I was working at the dining room table this morning with my 4 year old
son Isaac happily engaged at his play kitchen nearby. He suddenly
looked up and asked: ‘where is this?’, pointing to the picture of a
cardboard tube that had, at one time, held his wooden toy cookies.
I admit, that cardboard tube (which was over a year old, bent and torn, and hadn’t seen those wooden cookies in months) had been thrown away. And so I said “oh, sweetie, that’s been gone for a long time.”
His entire face fell and he sadly said “but it was a birthday present.” Tears followed as he took in the loss.
Surprised by his response, wanting to rescue him from his sadness, I began to explain: "it was broken, the cookies are fine on the cookie sheet, you don’t need it to play with the cookies…" trying to think of anything I could say to help him feel better.
And then, I stopped.
Something visceral stopped me; a feeling that I was pushing against him rather than helping him. In a split second I realized: what I was saying wasn’t helping at all, but rather discounting his very real emotional experience.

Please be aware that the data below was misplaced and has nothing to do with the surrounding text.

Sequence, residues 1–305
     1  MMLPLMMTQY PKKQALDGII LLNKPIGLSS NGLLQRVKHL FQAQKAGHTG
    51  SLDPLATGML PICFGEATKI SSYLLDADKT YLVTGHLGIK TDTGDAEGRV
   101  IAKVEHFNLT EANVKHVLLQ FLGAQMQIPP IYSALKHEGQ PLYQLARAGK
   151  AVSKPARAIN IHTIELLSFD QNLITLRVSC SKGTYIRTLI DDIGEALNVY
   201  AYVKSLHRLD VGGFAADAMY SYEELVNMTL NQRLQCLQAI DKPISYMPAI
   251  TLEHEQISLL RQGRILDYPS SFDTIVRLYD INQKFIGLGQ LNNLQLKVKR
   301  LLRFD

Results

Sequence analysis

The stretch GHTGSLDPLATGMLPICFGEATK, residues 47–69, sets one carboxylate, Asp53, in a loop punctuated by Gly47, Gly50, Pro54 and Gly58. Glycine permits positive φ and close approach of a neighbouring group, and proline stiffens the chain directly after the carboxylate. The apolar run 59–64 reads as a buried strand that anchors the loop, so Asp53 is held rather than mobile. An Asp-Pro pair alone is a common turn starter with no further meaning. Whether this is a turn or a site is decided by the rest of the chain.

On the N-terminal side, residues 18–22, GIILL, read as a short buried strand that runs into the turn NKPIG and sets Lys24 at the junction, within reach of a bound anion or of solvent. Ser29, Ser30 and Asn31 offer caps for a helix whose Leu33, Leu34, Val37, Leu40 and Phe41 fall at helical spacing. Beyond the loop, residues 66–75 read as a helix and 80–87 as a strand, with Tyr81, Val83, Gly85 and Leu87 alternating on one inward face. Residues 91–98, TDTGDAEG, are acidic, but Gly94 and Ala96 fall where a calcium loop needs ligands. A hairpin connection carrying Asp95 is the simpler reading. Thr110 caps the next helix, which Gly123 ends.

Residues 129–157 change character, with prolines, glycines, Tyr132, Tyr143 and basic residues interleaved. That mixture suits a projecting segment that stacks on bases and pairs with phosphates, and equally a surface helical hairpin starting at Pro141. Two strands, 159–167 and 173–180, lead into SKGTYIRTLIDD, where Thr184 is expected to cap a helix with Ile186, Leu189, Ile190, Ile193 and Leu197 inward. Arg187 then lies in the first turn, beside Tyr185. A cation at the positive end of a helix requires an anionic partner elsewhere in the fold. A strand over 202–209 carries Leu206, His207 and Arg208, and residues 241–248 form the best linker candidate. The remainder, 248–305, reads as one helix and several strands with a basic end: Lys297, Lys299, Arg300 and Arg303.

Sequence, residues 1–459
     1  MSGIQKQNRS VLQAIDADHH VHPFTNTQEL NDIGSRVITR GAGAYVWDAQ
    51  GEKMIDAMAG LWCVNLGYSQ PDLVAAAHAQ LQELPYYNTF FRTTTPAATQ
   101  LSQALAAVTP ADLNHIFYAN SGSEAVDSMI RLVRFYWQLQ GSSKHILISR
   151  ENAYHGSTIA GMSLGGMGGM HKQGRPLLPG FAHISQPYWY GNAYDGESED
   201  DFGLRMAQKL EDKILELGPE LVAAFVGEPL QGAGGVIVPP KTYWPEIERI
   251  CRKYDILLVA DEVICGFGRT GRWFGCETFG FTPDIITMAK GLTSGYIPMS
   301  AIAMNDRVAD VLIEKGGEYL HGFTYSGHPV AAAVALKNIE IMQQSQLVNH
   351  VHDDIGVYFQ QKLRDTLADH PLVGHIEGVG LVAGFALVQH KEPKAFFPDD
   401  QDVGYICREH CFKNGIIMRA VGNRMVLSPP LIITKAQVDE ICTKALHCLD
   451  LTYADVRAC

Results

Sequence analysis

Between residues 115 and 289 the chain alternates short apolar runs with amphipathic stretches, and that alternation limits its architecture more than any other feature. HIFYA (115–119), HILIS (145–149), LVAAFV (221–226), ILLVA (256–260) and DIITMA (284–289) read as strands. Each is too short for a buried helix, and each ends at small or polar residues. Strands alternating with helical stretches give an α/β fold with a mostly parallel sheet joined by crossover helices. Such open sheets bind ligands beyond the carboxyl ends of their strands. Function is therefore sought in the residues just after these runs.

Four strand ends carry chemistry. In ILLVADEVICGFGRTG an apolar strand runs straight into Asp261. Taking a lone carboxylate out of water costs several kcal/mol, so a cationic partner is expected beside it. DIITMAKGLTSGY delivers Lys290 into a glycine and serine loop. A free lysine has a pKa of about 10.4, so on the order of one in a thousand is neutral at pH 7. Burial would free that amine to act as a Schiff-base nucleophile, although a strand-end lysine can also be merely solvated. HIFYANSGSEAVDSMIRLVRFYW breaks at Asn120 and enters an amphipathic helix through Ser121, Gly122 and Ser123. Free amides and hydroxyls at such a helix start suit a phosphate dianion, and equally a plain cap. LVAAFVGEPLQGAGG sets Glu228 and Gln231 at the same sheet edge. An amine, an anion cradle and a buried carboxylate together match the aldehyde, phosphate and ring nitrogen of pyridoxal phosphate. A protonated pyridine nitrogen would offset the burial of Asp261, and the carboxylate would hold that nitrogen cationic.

That’s when I got down onto the ground, wrapped my arms around him, and said “you’re really sad that it’s gone.” He nodded, and I told him that I understood how disappointed he was feeling. I continued to hold him for a minute or two, until he decided to get up and move on to another activity.
About 10 minutes later, he was back with the cookies and said to me, “I know, mom, I can do it this way!” He then showed me how he would stick the cookies together and cut them apart, skipping the step in which the cookie roll is taken out of the tube (as depicted in the instructions.) He was so excited and proud that he had come up with a solution.
The approach I chose (once I caught myself) helped me as well as my son; instead of grasping for ways to make him feel ’better’, I made a real connection with him in his moment of distress, supporting him until he was able to creatively solve the problem for himself. In the end, we both felt better.